Without giving away the details of how the different parts of the puzzle fell into place, eventually, Revelli and his collaborators came up with a name and an outline of a biography. The fallen officer was indeed a German, a sensitive man called Rudolph Knaut, from Marburg, who most likely would have rather taught at the University than participate in the bloodshed of World War II. Documents show that he had fought in France and (like Revelli) on the Russian front before being stationed in San Rocco, near Cuneo. He had been part of the Hitlerjugend (the Nazi youth movement) but not a member of the Nazi Party.
Could this individual fill the space between a fabled “good German” and the terrible associations the term Wehrmacht or SS evoke? Would Primo Levi have placed him in the gray zone?
Revelli does, at last, succeed in giving a name and a biography to the mysterious horseback riding officer, but his curiosity is not quenched. He would like to know more about Knaut’s childhood, friends, aspirations, dreams, in other words, he would like to get to know him. So many years after the war, the possible existence of a compassionate Nazi officer fighting in 1944 against the Partisans, opened up a crevice in Revelli’s conscience.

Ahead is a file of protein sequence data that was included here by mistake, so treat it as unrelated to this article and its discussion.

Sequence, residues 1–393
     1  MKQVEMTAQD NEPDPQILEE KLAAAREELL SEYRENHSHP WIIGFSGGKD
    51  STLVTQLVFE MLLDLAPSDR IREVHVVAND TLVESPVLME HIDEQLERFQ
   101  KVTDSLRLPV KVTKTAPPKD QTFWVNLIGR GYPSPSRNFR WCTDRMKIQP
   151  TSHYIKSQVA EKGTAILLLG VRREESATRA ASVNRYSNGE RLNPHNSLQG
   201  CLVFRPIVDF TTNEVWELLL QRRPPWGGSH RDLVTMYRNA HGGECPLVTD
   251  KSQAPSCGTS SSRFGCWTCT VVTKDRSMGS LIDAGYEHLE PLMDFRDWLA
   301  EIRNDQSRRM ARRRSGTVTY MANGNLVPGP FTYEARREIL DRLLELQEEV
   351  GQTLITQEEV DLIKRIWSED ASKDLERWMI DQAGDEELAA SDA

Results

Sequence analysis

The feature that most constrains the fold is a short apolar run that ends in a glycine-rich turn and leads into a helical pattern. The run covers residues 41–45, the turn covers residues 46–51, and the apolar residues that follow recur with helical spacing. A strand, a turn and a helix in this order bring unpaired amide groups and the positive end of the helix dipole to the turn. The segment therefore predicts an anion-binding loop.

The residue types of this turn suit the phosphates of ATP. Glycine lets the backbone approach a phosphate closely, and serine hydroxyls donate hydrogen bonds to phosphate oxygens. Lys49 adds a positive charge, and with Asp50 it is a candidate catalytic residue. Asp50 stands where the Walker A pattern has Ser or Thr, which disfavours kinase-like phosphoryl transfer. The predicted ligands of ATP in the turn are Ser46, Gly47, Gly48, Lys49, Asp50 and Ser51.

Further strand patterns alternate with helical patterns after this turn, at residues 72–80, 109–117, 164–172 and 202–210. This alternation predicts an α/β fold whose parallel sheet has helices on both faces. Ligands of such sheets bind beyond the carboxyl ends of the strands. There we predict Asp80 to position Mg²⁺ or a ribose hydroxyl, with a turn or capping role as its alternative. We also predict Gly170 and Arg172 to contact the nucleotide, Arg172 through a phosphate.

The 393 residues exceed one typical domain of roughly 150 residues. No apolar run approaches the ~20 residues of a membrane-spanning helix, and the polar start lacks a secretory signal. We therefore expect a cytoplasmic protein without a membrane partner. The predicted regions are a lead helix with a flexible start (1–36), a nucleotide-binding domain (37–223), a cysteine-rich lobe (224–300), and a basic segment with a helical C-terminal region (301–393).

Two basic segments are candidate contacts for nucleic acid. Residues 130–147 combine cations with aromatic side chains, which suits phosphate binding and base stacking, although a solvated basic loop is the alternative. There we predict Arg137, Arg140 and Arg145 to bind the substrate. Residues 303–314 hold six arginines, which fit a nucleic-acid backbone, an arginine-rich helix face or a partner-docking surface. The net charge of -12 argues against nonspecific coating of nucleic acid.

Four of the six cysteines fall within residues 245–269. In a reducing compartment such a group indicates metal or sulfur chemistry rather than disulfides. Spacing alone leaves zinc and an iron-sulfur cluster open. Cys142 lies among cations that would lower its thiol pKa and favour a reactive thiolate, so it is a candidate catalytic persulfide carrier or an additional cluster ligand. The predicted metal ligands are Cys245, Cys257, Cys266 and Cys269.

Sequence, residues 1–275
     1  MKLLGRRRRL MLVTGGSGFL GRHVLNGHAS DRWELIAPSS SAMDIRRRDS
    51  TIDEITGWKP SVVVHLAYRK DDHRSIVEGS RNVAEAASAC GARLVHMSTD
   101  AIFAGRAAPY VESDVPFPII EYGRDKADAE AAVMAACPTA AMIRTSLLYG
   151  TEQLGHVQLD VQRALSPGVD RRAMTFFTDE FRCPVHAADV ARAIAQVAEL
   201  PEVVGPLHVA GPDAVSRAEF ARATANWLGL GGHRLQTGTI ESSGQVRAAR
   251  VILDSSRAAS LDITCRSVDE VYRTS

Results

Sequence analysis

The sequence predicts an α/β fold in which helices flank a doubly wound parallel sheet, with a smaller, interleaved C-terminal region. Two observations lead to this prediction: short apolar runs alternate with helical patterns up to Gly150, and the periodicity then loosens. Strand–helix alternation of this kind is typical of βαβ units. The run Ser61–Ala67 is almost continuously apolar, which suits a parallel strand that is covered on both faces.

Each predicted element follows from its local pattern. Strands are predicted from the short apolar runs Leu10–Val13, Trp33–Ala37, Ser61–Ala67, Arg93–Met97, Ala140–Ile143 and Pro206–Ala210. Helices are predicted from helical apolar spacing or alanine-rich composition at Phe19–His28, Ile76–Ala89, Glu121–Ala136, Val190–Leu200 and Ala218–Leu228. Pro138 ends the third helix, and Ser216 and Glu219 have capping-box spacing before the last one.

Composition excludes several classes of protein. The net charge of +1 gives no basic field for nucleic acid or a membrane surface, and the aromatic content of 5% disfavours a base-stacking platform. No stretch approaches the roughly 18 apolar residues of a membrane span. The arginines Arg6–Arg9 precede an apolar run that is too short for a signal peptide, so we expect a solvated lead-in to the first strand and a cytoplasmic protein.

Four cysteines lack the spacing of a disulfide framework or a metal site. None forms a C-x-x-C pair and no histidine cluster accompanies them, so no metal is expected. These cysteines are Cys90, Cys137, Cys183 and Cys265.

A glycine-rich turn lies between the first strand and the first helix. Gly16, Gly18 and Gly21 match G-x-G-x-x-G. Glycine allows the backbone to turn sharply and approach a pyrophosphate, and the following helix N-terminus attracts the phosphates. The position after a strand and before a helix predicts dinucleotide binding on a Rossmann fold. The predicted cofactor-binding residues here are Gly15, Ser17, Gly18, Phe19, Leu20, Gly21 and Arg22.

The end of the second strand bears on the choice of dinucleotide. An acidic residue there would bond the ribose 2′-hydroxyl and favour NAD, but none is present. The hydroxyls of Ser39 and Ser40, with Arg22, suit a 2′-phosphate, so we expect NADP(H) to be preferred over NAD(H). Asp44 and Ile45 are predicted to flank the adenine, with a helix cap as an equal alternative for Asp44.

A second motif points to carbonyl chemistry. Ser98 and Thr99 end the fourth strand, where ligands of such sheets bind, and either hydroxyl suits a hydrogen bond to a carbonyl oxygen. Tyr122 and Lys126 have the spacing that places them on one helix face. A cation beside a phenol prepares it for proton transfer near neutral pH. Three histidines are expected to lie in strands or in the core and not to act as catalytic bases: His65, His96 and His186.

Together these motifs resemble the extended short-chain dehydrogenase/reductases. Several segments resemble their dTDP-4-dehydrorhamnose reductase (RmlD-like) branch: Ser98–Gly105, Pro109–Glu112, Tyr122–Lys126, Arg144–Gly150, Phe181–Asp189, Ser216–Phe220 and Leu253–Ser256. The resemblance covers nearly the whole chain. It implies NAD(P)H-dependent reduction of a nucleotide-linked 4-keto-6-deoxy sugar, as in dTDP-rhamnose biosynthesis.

The more Rudolph Knaut emerged, the more points of contact between him and Ravelli come into focus: both fought on the Russian front, both were caught in a grueling war in foreign lands…
And then the question becomes, can the former Partisan commander Nuto Revelli, conceive of Knaut as anything other than an enemy?
The reader follows step by step, Revelli’s revisiting his convictions and bias in the light of his investigation, bringing to light the many gradations that define the space between the porous concepts of us and them. Chipping away at the archetypal enemy, the Nazi Officer, may have have been a Pole, a Ukrainian, or perhaps even thoughtful peace-loving German, thrown into the war by circumstances.